so about my mom…

I’ve mentioned my mom previously in this blog in both positive and negative ways. Probably more negative than positive. From what I’ve read and heard from friends, a lot of mother/daughter relationships are complicated. On top of the “usual” complications, my mom has spent years being in denial about being mentally ill, as well as still being in denial about being a hoarder.

When I was under five years old, I remember the hoard being contained to a single messy room. As I grew, it slowly encompassed the spare bedroom, then my parent’s bedroom, then the den, the living room, the dining room…The entire house is hoarded today. It has been for over fifteen years. I no longer believe that my mom will “straighten things out” as she’s claimed she’d do so many times. Over the summer when she was off (she was a teacher). The next time she had a sabbatical. When she retired. She’s been retired for about ten years now and the hoard has remained level the entire time she’s been retired. There is no reason to hope that will change.

Along with my growth and the hoard growth, my mom’s mental illness seemed to grow. In my lifetime, two of my therapists have met my mom and had a private session or two with her, ostensibly to talk about me. In reality, both were trying to suss out her mental problems, in order to help me with my relationship with her. Both independently came up with the diagnosis that she has Borderline Personality Disorder. The way that impacted our relationship was described to me as her not having an understanding of me as a separate entity from her. When I did the things that she would have done, or wanted me to do, she showered me with praise, gifts, money, special treats and privileges. When I did things that she wouldn’t have done, or didn’t like, she showered me with verbal abuse (as well as physical abuse until I was around 15*), took back the gifts, curtailed my privileges and would confine me to my bedroom.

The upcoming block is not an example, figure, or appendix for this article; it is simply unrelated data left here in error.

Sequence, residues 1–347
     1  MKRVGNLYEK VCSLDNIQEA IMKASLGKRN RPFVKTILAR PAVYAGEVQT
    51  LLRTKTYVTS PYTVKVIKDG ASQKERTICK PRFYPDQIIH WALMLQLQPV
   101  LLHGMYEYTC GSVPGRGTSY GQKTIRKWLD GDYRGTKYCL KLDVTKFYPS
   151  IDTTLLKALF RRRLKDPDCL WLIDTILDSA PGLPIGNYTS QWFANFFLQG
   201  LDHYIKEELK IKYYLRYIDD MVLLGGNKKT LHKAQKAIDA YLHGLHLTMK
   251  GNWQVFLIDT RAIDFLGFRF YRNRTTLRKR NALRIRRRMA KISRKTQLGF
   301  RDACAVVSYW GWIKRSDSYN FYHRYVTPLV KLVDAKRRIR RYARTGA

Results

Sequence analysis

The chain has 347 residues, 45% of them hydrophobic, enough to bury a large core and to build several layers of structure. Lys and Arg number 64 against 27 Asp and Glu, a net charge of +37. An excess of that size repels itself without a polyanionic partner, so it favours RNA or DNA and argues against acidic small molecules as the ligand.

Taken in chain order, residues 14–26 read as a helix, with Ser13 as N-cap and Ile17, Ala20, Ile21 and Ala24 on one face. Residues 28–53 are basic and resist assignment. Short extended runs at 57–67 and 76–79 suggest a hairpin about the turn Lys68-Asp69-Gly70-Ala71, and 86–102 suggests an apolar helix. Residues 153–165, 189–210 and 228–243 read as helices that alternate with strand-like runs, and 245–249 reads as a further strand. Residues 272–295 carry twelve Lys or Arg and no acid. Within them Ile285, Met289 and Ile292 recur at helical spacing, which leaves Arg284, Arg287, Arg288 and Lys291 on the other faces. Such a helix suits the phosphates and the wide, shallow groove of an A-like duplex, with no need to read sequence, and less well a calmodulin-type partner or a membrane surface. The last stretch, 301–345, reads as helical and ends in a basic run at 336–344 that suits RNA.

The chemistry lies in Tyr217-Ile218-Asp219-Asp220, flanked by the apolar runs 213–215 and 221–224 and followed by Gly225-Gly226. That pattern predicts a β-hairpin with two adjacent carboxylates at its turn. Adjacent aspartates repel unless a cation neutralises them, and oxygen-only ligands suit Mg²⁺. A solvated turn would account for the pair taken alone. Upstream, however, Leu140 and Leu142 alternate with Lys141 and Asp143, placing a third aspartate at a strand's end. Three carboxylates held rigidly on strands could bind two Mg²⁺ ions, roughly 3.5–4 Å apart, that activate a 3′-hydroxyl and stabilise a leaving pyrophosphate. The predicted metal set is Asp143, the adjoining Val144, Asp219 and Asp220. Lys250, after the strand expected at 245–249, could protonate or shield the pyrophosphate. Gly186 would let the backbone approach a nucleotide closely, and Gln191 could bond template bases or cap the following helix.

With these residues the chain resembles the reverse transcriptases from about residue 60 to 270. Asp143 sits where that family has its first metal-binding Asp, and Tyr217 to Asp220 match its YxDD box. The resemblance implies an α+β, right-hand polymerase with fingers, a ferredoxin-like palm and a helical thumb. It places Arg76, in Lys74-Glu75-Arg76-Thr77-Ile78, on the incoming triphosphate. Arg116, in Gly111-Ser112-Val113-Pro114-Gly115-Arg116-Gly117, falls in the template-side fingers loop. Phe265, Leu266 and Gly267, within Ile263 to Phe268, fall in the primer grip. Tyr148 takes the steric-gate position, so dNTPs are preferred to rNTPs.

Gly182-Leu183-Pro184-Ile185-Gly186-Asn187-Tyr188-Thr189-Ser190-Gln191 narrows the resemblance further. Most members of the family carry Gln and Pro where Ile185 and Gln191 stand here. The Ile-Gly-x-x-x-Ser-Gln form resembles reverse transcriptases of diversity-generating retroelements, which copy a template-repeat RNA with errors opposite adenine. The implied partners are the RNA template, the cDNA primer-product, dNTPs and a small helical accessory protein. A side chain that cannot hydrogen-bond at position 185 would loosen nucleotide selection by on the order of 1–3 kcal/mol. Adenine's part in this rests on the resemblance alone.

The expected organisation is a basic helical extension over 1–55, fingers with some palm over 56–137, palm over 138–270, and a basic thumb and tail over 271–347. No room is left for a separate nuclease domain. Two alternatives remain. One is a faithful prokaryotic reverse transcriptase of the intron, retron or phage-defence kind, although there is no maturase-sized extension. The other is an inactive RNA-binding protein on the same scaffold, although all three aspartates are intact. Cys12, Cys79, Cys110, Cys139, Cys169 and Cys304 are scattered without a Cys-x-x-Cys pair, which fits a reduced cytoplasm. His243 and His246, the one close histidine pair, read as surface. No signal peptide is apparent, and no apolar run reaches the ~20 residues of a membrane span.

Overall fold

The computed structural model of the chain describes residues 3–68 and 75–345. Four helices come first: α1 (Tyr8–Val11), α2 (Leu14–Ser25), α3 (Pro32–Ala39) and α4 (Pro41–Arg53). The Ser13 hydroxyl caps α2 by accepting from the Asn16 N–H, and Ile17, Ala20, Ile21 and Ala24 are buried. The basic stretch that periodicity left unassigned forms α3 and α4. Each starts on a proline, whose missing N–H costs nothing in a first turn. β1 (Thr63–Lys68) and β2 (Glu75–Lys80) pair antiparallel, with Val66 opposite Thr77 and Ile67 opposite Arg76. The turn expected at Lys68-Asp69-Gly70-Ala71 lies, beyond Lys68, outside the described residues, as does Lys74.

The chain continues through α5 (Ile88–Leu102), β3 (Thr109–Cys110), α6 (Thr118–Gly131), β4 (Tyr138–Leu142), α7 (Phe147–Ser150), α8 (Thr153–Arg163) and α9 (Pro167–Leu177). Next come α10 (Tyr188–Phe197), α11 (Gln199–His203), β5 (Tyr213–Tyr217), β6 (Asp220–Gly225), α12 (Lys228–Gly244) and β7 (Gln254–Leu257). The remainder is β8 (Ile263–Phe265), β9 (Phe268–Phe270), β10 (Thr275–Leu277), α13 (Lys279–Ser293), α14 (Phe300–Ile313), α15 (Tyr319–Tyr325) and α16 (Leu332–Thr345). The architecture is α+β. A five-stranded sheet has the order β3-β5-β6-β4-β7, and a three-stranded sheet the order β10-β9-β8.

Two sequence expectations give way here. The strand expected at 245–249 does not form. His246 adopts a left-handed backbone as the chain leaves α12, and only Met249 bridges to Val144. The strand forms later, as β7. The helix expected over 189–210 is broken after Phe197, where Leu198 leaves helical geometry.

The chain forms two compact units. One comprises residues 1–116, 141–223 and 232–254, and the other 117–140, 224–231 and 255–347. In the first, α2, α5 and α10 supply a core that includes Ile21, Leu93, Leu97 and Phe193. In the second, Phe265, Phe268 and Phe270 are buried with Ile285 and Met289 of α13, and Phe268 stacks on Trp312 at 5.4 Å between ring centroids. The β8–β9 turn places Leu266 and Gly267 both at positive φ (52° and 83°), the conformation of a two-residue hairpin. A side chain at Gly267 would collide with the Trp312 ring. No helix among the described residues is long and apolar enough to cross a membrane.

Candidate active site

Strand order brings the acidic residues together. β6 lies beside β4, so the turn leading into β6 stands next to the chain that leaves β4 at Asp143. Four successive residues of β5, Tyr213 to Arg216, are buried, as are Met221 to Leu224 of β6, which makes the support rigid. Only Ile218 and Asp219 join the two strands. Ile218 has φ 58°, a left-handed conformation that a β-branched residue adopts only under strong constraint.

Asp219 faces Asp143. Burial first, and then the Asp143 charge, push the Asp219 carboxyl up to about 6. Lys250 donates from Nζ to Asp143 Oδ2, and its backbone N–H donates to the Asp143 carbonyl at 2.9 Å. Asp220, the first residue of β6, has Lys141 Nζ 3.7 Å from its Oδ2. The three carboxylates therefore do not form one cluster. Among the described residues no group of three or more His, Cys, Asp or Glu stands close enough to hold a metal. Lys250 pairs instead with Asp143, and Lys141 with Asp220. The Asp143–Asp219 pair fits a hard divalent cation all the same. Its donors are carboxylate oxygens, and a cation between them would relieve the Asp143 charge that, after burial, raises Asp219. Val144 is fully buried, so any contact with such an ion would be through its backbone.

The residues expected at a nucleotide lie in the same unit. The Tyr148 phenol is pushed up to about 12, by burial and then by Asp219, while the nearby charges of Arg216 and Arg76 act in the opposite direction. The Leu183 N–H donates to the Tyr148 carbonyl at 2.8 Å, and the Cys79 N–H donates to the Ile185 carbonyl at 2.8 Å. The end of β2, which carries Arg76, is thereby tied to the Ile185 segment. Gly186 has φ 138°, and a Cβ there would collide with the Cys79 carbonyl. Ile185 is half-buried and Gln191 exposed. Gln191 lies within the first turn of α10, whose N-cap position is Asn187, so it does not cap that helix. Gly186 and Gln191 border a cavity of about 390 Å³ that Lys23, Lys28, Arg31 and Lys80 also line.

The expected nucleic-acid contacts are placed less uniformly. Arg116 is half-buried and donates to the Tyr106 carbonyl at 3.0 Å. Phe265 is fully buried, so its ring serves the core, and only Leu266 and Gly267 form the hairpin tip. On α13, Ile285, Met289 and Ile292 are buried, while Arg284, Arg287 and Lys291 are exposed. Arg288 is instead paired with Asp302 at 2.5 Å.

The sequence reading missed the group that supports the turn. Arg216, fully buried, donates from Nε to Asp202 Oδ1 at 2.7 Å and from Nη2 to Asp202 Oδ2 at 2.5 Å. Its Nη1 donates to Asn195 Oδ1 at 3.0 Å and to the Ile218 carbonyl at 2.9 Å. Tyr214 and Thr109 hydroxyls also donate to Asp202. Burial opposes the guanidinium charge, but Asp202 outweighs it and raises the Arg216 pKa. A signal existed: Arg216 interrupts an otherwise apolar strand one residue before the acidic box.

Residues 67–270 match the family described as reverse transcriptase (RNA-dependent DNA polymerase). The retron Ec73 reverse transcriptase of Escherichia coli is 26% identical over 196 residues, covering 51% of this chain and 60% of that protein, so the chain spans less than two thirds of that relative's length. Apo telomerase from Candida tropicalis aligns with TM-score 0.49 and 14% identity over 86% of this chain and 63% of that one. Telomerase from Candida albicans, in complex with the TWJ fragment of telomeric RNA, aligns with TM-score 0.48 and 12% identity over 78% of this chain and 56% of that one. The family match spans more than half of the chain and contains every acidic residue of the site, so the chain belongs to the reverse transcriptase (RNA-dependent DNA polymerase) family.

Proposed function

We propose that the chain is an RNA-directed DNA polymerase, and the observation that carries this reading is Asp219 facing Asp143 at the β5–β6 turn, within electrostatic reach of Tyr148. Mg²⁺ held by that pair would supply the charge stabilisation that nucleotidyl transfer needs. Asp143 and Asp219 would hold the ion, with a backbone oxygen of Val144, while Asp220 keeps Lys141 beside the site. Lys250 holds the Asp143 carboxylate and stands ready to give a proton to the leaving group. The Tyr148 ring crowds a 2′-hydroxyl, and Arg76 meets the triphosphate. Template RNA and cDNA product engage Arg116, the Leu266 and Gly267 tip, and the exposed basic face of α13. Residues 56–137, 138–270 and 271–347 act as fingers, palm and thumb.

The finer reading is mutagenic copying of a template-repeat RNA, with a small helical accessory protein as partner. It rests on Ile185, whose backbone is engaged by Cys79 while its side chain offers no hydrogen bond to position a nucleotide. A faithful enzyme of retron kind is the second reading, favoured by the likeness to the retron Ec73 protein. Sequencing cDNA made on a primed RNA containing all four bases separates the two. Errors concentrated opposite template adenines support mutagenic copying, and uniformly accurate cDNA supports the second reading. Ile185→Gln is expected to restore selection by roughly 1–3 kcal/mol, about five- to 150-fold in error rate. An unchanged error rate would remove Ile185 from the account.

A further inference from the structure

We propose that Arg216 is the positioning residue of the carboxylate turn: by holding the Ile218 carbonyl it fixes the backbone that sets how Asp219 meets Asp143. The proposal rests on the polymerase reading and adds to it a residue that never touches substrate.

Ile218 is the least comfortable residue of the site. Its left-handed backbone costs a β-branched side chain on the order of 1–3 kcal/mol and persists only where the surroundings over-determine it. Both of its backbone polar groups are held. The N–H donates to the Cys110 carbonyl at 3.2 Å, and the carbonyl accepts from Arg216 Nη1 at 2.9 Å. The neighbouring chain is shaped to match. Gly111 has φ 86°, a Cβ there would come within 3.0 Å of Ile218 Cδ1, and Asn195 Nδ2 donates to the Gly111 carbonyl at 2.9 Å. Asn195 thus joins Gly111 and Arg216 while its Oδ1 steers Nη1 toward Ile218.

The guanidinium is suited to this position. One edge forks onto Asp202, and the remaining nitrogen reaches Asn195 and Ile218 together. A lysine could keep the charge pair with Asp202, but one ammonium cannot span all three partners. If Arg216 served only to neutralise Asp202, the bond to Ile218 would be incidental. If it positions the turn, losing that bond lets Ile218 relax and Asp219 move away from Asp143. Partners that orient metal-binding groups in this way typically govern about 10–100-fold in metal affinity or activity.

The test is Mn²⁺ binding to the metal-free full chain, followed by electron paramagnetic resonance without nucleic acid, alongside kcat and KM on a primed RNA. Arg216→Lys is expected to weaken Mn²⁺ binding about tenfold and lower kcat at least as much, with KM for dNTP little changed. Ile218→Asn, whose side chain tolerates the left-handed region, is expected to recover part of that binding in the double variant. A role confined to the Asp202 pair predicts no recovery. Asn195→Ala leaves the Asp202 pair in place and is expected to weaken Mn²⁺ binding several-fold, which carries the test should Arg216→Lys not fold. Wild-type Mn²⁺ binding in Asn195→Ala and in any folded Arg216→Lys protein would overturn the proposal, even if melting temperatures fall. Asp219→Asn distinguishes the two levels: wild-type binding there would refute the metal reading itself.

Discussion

To be clear, doing something that she wouldn’t have done could be as minor as the aforementioned wanting to take pottery class as a high school elective instead of chorus. My original course of study in college was picked by my mom because my therapist (The first therapist to meet my mom) advised me that it would be easier for me to go with what my mom wanted and then switch my major after my first semester. And she was right; had I tried to start with the major I wanted, we’d have fought even more than we did up until I left for school.

During my college years, my mom disowned me for about six months. Despite repeatedly explaining to her that my schedule was such that I would leave my dorm room around 8am and not return most days until 8 or 9pm, my mom would call daily and leaving increasingly irate messages on my answering machine, because I wasn’t calling her back in a reasonable amount of time (for her, that was about half an hour). She had my schedule, so knew that I had about twenty minutes at most between most classes, meals, and theater rehearsals. She thought it was unacceptable that I didn’t use that twenty minutes to rush back to the dorm, check my messages, and call her back at least twice a day. This knowing full well that getting back to my dorm was nearly a ten minute walk each way.

After months of her leaving messages and then fighting with me nearly every time we talked, I finally had enough. We were having a contention phone conversation once again. She was, as usual, talking about what a horrible daughter I was, and how she didn’t know why she didn’t just wash her hands of me and disown me – I was nothing by trouble and entirely ungrateful. I said that if she wanted to disown me, then FINE, she should disown me. There was a heartbeat of silence before she screamed “You’re dead to me!” and hung up the phone.

I still remember that bewildered and empty feeling. I didn’t feel…I didn’t feel. I didn’t really feel bad, but I didn’t feel good either. I felt vaguely relieved that this should stop her from screaming at me regularly and leaving nasty messages for me, but I felt worried by all the uncertainly that it caused. I had no idea what this would do for me getting my education, as she and my dad were paying for much of it. I figured that I’d deal with it when it became a problem because I had no idea what to do and it was easier to ignore it until it became a problem.

It never became a problem because my dad, in an amazing show of defiance from his normally placid, easy-going (and completely disengaged) self, told my mom that he’d divorce her if she didn’t patch things up between us. This came about five months into the disownment. I’d spent Thanksgiving and Christmas with friends. When I called my aunt’s place (our family gatherings were usually at my aunt’s place) to talk to everybody, my mom pointedly left the room. I heard that when she came back, she more or less refused to speak to anybody for a few hours, and would sit glowering around the room.